Antibiotics come in various forms to cover a large degree of preventative measures. Antibiotic treatment might include creams and ointments, as well as broad-spectrum antibiotics, known for defending against a wide array of bacteria. Narrow-spectrum antibiotics typically work against a group-specific area of bacteria. The type of antibiotics prescribed typically would depend on the patient's individual needs and circumstances.
The purpose of antibiotic treatment is to prevent infection from invading bacteria or destroy any infection already present within the body. Some groups of antibiotics, those of which come in pill or tablet form, are related to a specific classification. One example is an antibiotic containing the suffix of 'mycin.' Erythromycin is one such drug. Others in the same group include the antibiotics clindamycin and vancomycin.
Types of antibiotics that are generally prescribed for streptococcus infections are drugs such as penicillin. Allergic reactions can occur in patients with no prior history of incidence. In that case, the antibiotic treatment might include a course of cephalexin or amoxicillin in place of penicillin. The prescription given to the patient is typically a 10-day course of treatment, although this can vary somewhat.
There are antibiotics classified as macrolide-type drugs, which are commonly prescribed for a wide range of illnesses affecting the upper and lower respiratory tract. Penicillin allergy patients might find they tolerate these drugs well, but there have been reported cases of intestinal tract distress associated with the usage of these antibiotics. Side effects of these antibiotics might include indigestion, heartburn and diarrhea. Normally, the effects subside within a couple of days, but if symptoms persist, the doctor might change the prescription to one that is more tolerated by the patient.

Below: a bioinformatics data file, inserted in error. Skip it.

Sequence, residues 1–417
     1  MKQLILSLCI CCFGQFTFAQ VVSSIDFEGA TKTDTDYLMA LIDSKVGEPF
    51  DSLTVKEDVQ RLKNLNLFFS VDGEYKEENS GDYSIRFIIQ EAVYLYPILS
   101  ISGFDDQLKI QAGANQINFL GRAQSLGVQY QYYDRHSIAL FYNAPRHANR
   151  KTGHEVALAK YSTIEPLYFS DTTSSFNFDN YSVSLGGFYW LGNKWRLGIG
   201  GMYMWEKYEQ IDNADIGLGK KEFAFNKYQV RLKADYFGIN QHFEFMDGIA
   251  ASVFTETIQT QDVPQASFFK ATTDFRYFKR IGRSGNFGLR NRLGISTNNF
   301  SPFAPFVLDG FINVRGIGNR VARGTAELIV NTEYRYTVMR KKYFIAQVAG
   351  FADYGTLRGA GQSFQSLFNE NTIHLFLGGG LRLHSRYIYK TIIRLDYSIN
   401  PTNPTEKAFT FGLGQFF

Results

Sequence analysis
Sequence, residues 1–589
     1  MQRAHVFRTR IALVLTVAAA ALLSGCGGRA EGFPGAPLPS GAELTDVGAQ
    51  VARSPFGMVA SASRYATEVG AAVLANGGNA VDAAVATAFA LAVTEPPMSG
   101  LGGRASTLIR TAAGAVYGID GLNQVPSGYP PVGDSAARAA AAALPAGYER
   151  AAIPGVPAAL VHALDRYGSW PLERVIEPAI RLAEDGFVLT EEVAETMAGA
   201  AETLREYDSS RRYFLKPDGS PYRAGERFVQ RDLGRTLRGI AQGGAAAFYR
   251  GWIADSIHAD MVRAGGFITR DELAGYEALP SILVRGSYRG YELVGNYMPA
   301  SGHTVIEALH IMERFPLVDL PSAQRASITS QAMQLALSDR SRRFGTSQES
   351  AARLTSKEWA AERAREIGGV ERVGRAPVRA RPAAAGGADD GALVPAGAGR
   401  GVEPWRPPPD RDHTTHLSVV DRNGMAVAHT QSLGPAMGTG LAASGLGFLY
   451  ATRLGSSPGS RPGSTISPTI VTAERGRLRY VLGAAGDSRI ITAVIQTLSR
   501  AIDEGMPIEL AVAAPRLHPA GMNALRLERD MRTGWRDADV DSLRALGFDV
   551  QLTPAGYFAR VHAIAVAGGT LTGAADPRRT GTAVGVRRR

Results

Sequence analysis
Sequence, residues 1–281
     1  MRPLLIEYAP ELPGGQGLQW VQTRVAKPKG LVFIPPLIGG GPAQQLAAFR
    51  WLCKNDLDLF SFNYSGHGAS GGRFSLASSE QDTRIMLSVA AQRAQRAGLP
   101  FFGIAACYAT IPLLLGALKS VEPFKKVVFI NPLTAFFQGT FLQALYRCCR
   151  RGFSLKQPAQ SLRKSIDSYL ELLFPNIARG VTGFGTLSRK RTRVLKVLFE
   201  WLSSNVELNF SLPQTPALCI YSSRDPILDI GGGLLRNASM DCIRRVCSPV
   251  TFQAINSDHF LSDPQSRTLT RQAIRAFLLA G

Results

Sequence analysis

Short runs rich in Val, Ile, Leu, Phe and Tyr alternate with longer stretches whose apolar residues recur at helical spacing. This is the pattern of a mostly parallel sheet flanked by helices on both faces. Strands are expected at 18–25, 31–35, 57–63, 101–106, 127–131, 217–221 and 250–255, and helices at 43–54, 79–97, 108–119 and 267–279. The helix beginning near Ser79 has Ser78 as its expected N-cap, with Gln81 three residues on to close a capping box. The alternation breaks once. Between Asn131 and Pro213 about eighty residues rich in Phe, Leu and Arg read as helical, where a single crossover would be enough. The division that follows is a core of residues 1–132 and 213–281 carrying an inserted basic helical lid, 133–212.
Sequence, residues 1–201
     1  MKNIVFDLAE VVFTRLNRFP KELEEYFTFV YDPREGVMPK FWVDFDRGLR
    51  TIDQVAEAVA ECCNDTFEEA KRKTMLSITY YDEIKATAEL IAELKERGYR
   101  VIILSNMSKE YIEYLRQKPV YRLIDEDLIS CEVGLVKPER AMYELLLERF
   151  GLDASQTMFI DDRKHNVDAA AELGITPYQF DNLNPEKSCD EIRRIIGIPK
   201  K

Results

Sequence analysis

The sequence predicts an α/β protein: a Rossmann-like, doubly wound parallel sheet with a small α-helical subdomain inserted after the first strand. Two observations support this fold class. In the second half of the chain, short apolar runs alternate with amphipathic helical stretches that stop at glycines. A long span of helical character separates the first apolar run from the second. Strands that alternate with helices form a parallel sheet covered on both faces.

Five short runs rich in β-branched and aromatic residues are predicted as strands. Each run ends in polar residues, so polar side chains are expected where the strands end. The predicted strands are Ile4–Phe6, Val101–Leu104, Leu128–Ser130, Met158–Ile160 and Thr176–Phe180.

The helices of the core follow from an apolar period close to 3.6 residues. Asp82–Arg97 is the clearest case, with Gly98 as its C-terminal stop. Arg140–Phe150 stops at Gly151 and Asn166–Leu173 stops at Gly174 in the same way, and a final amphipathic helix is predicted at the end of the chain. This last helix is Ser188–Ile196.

There are issues surrounding antibiotic treatment, in particular with long-term usage. A major concern is the body developing an immunity or antibiotic resistance. In such a case, future use would become ineffective against strains of bacteria the drug was initially targeted for. Another concern is the actual eradication of bacteria the drug is aimed at. When an antibiotic destroys harmful and infectious bacteria, the drug also kills off the beneficial bacteria in the body.
The 'good' bacteria that is found in the body generally keep potentially harmful organisms from multiplying. Overuse of antibiotics might result in such conditions as a vaginal yeast infection in some women, as the beneficial bacteria that is needed to maintain optimal health has diminished. Occasionally, physicians recommend the usage of a probiotic supplement along with antibiotic treatment to ensure beneficial bacteria is replenished.